The popularity of low-carbohydrate diets has encouraged food companies to market low-carbohydrate foods for people who want to "watch their carbs." Most of these foods are much higher in fat than the foods they are designed to replace. I believe that "low-carb" advertising is encouraging both dieters and nondieters to eat high-fat foods, which is exactly the opposite of what medical and nutrition authorities have been urging for decades. Following a low-carbohydrate diet under medical supervision may make sense for some people, but a population-wide increase in fat consumption would not. My advice to people who are considering a low-carbohydrate diet is not to try it on their own by reading a book, but to seek supervision from a physician who can monitor what they do.

For Additional Information

References

  1. Westman E and others. Low-carbohydrate nutrition and metabolism. American Journal of Clinical Nutrition 86:276-284, 2007.
  2. Boden G and others. Effect of a low-carbohydrate diet on appetite, blood glucose levels, and insulin resistance in obese patients with type 2 diabetes. Annals of Internal Medicine 142:403-411, 2005.
  3. Four steps to a healthy new lifestyle. Atkins Center Web site, accessed April 2001 through February 2005.
  4. White PL. A critique of low-carbohydrate ketogenic weight reduction regimens: A review of Dr. Atkins' diet revolution. JAMA 224:1415-1419, 1973.
  5. Top-selling diets: Lots of gimmicks, little solid advice. Consumer Reports 63:60-61, 1998.
  6. Anderson JW and others. Health advantages and disadvantages of weight-reducing diets: a computer analysis and critical review. Journal of the American College of Nutrition 19:578-590, 2000.
  7. Miller BV and others. Effects of a low carbohydrate, high protein diet on renal function. Obesity Research 8(supplement 1):82S, 2000.
  8. Hellmich N. Success of Atkins diet is in the calories. USA Today, Nov 8, 2000.
  9. Wyatt HR and others. Long term weight loss and very low carbohydrate diets in the National Weight Control Registry. Obesity Research 8(suppl 1):87S., 2000.
  10. St. Joer TS and others. Dietary protein and weight reduction. Circulation 104:1869-1974, 2001.
  11. Robert C. Atkins, M.D., world-famous nutrition expert and best-selling author dies at 72. Atkins Center news release, April 17, 2003.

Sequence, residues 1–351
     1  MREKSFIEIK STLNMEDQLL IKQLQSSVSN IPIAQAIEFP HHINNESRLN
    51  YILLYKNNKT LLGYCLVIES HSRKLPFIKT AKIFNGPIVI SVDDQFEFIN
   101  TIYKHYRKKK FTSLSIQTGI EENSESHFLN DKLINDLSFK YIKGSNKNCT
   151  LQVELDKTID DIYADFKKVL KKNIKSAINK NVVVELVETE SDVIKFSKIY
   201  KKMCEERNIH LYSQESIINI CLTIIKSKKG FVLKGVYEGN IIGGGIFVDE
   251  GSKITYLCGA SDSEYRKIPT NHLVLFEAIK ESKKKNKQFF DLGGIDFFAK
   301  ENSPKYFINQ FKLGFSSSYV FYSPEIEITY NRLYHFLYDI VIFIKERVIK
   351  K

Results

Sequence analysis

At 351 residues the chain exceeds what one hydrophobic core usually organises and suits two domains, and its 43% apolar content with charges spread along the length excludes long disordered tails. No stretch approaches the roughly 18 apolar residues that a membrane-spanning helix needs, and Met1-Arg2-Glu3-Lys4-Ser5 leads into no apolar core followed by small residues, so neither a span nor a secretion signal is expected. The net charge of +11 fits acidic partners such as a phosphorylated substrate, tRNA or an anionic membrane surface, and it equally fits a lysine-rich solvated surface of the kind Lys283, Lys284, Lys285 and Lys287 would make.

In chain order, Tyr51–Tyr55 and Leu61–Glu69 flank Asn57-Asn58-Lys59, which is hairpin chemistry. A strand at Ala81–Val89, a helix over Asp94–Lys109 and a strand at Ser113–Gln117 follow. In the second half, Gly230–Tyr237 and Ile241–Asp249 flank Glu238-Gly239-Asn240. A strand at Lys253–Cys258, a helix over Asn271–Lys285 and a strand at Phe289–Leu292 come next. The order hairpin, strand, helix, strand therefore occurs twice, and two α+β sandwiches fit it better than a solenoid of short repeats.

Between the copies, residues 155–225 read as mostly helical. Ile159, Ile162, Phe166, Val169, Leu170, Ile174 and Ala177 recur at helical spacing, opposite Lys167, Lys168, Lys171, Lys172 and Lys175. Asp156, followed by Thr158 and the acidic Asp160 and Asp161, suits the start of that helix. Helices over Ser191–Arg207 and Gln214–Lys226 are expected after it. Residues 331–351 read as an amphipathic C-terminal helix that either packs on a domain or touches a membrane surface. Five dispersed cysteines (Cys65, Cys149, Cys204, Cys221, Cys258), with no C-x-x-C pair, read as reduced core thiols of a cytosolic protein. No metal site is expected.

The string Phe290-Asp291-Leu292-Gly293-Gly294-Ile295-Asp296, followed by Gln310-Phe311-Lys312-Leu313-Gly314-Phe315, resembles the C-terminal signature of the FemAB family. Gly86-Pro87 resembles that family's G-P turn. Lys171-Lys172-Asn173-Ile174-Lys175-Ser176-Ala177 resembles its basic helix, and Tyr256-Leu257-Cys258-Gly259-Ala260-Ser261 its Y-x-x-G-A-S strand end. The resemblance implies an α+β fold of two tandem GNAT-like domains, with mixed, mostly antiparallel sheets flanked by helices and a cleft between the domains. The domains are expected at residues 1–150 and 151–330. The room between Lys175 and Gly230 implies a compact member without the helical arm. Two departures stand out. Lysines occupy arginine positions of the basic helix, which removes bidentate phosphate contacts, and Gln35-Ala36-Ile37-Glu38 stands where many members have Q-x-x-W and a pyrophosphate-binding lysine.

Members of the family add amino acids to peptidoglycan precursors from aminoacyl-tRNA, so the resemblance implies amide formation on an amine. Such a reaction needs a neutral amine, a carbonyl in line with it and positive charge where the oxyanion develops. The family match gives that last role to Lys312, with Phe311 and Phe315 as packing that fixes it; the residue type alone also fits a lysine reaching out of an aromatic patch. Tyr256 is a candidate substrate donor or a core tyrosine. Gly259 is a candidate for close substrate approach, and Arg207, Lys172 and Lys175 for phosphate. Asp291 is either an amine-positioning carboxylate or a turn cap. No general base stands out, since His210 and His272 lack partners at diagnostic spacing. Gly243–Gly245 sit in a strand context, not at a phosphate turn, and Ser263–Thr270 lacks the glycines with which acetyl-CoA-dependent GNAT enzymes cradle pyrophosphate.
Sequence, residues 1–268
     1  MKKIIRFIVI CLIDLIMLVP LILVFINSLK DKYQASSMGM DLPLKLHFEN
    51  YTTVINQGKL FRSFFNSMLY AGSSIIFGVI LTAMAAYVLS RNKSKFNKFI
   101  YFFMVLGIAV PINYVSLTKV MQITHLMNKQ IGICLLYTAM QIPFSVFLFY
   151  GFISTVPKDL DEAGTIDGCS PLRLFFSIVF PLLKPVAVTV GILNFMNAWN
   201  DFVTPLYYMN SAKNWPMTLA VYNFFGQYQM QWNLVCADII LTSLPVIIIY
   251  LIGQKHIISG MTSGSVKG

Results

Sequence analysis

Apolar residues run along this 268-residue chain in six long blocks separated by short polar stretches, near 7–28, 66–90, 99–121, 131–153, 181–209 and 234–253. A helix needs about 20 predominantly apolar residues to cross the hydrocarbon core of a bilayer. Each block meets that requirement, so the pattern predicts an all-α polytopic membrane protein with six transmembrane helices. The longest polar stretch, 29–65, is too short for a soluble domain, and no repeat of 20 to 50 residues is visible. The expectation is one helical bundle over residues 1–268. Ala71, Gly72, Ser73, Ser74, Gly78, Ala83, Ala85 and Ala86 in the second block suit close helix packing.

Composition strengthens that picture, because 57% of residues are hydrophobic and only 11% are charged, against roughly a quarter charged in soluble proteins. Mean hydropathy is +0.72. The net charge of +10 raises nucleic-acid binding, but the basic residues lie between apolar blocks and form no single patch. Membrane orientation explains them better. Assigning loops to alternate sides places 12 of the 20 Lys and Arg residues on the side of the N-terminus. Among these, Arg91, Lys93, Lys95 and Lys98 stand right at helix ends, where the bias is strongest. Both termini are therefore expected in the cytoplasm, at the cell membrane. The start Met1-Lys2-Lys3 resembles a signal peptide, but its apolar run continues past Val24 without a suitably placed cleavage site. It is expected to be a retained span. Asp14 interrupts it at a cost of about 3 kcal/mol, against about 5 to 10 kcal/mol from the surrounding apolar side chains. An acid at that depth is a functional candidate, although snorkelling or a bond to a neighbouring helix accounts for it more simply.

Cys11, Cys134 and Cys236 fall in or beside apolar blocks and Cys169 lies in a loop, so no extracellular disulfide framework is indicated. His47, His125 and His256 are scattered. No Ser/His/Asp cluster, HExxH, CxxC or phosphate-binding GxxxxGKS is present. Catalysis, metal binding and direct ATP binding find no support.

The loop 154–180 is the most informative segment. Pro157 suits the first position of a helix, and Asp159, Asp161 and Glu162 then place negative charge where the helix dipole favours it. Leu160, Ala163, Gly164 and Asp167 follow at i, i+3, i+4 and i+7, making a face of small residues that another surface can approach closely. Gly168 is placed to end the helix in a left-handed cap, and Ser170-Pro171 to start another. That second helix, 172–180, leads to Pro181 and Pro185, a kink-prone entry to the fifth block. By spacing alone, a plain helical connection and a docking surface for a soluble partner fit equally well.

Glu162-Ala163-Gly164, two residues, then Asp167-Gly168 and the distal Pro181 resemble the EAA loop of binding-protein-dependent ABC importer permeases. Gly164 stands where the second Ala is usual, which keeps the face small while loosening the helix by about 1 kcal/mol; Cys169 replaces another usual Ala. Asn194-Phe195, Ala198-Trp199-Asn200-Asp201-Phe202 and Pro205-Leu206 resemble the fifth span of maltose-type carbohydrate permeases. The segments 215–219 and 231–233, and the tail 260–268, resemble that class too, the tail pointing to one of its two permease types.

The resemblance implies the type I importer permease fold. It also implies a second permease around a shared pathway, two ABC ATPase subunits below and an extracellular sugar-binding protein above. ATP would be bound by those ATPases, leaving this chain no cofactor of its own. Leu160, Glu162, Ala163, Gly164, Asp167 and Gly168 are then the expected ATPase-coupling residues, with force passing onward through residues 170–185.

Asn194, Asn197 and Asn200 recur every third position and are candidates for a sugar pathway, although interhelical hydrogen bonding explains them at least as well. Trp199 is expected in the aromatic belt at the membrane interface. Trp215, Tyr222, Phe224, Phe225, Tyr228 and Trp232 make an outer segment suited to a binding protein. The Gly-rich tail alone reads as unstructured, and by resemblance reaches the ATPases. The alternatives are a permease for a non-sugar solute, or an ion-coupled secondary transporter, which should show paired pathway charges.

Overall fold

12. Westman EC and others. Effect of 6-month adherence to a very low carbohydrate diet program. American Journal Medicine 113:30-36, 2002.
  13. Fumento M. Hold the lard: The Atkins diet still doesn't work.
  14. American Heart Association statement on high-protein, low-carbohydrate diet study presented at scientific sessions. American Heart Association press release, Nov 19, 2002.
  15. Bravata DM and others. Efficacy and safety of low-carbohydrate diets: A systematic review. JAMA 289:1837-1850, 2003.
  16. Foster GD and others. A multicenter, randomized, controlled trial of a low-carbohydrate diet for obesity. New England Journal of Medicine 348:2082-2090, 2003.
  17. Szapary P. Telephone interview by Dr. Stephen Barrett, June 24, 2004.
  18. Dansinger ML and others. Comparison of the Atkins, Ornish, Weight Watchers, and Zone diets for weight loss and heart disease risk reduction: a randomized trial. JAMA 593:43-53, 2005
  19. Gardner CD and others. Comparison of the Atkins, Zone, Ornish, and LEARN diets for change in weight and related risk factors among overweight premenopausal women. The A TO Z Weight Loss Study: A randomized trial. JAMA 297:969-977, 2007.
  20. Nordmann AJ and others. Effects of low-carbohydrate vs low-fat diets on weight loss and cardiovascular risk factors. A meta-analysis of randomized controlled trials. Archives of Internal Medicine 166:285-293, 2006.
  21. Complaint. Jody Gorran v. Atkins Nutritionals Inc. Palm Beach (Florida) County Court, filed May 26, 2004.
  22. Opinion. Jody Gorran v. Atkins Nutritionals Inc. U.S. District Court for the Southern District of New York. Case No. 05 Civ. 10679 (DC). Filed Dec 11, 2006.
  23. Shai and others. Weight loss with a low-carbohydrate, Mediterranean, or low-fat diet. New England Journal of Medicine 359:229-241, 2008.

This article was revised on August 20, 2008.